Australia: The Land Where Time Began

A biography of the Australian continent 

Bullawinne Site

The Bullawinne Site is in the Maxwell River valley. There are 20 human hand stencils in the cave that have been estimated to have been made by 5 or more individuals, based on the sizes of the stencils. Among the stencils is one in which the first joint of the middle finger is missing, a suggestion being made that it may have been the result of an accident or a ritual amputation. It is not known if the stencils were all made at the same time or over an extended period. It has been estimated that the stencils were made about 14,000 BP, based in fragments of charcoal adhering to the them.

On parts of the ceiling of the cave there are patches of red ochre, as well as 5 patches, that are of similar size and shape, on rocks protruding from the sides of the passage leading from the outside to the stencils. It has been suggested that they may have been a guide or warning along the path to an area of special ritual significance.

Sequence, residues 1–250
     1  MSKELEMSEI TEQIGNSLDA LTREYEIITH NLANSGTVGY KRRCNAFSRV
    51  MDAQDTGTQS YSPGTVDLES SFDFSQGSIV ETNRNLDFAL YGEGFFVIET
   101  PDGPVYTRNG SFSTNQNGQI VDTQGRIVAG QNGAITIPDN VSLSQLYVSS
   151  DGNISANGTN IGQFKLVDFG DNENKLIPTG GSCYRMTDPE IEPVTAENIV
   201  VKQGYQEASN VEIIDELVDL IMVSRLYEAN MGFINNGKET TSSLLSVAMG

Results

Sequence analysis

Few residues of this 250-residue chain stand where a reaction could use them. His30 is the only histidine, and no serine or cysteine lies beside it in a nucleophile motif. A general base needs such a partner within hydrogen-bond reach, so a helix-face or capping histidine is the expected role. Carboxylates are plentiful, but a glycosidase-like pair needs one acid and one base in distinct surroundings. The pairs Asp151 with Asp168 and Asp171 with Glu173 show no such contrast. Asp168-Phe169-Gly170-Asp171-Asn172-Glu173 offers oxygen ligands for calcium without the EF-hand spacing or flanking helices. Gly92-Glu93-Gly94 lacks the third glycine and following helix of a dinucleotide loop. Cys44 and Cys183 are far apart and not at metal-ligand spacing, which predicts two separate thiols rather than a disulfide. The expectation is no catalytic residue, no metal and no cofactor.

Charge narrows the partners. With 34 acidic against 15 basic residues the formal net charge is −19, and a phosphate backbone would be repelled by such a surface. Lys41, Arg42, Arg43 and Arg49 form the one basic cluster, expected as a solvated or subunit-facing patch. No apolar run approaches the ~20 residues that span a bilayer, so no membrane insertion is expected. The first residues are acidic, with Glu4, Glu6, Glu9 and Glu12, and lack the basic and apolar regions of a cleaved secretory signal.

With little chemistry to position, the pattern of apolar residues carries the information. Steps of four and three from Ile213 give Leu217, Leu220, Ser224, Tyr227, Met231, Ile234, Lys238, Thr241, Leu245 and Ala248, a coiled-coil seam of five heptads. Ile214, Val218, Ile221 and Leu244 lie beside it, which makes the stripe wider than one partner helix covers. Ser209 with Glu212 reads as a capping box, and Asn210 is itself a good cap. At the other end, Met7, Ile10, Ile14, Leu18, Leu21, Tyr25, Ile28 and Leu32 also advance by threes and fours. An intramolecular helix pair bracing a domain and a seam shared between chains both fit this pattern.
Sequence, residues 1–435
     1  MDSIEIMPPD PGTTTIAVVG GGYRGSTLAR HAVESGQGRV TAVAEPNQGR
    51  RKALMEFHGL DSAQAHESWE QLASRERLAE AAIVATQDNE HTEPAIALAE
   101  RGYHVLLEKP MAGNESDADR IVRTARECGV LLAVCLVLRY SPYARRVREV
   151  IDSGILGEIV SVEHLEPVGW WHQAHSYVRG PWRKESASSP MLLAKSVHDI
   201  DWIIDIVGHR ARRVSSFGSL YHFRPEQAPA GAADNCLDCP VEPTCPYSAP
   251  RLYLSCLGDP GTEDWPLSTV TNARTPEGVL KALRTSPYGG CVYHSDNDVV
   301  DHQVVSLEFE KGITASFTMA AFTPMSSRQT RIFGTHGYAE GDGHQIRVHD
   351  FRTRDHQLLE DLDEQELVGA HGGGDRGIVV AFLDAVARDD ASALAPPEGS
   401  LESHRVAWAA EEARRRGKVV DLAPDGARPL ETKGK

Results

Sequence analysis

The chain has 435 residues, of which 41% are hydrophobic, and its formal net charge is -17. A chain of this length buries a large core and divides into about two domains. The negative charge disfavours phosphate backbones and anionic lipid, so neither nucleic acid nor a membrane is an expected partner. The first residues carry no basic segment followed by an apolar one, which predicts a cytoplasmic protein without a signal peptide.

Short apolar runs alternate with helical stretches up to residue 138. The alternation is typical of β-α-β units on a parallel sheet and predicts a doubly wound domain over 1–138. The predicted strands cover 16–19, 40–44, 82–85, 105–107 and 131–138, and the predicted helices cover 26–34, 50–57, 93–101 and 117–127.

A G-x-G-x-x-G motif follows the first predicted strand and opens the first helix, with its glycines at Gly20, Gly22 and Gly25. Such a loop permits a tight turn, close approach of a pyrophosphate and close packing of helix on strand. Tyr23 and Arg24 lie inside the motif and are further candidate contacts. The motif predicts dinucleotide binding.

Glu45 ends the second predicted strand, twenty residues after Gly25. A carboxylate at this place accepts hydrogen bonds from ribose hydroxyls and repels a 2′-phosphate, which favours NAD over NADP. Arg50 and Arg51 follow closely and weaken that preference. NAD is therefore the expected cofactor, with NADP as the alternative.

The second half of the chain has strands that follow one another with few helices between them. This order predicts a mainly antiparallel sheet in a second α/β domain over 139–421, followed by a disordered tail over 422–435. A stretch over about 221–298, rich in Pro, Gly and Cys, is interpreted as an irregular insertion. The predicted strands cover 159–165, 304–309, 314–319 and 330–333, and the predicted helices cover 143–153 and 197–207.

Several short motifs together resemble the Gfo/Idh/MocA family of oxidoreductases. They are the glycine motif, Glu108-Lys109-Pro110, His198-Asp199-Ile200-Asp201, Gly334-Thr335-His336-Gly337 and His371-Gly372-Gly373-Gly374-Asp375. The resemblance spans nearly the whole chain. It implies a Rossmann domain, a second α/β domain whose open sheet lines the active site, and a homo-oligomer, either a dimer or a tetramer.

The stencils are in a part of the cave beyond the reach of light from the entrance, being in complete darkness, making them unusual among known Australian stencils, that are usually in lighted areas. The fact that they are in complete darkness makes them similar to stencils from the Gravettian period in Europe, 28,000-22,000 BP, also often made with ochre, A suggestion has been made that the Tasmanian Aboriginal people brought both the ochre and the making of stencils with them as a cultural template, though this is difficult to prove.

Sources & Further reading

  1. The Tasmanians: Part 8b: Archaeology and the Oldest Tasmanians
Author: M. H. Monroe
Last Updated 21/10/2016



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